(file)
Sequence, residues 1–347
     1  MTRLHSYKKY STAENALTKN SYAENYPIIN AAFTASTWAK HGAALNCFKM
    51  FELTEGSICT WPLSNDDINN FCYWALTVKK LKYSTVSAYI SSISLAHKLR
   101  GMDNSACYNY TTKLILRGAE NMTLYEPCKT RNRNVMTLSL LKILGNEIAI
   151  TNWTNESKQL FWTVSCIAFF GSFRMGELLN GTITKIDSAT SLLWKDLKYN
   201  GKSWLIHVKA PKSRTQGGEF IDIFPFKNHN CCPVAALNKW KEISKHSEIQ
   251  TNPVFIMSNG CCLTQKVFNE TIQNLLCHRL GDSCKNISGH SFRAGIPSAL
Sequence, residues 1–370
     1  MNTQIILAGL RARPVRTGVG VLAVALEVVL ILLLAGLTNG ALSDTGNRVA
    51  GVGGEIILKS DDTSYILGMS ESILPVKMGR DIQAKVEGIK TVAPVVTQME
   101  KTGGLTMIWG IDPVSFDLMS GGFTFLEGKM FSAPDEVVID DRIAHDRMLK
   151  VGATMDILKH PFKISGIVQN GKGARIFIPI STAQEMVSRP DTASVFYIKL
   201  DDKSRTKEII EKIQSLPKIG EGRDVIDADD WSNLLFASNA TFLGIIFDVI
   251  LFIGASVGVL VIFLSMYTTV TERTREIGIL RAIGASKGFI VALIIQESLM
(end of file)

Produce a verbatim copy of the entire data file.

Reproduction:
Sequence, residues 1–347
     1  MTRLHSYKKY STAENALTKN SYAENYPIIN AAFTASTWAK HGAALNCFKM
    51  FELTEGSICT WPLSNDDINN FCYWALTVKK LKYSTVSAYI SSISLAHKLR
   101  GMDNSACYNY TTKLILRGAE NMTLYEPCKT RNRNVMTLSL LKILGNEIAI
   151  TNWTNESKQL FWTVSCIAFF GSFRMGELLN GTITKIDSAT SLLWKDLKYN
   201  GKSWLIHVKA PKSRTQGGEF IDIFPFKNHN CCPVAALNKW KEISKHSEIQ
   251  TNPVFIMSNG CCLTQKVFNE TIQNLLCHRL GDSCKNISGH SFRAGIPSAL
Sequence, residues 1–370
     1  MNTQIILAGL RARPVRTGVG VLAVALEVVL ILLLAGLTNG ALSDTGNRVA
    51  GVGGEIILKS DDTSYILGMS ESILPVKMGR DIQAKVEGIK TVAPVVTQME
   101  KTGGLTMIWG IDPVSFDLMS GGFTFLEGKM FSAPDEVVID DRIAHDRMLK
   151  VGATMDILKH PFKISGIVQN GKGARIFIPI STAQEMVSRP DTASVFYIKL
   201  DDKSRTKEII EKIQSLPKIG EGRDVIDADD WSNLLFASNA TFLGIIFDVI
   251  LFIGASVGVL VIFLSMYTTV TERTREIGIL RAIGASKGFI VALIIQESLM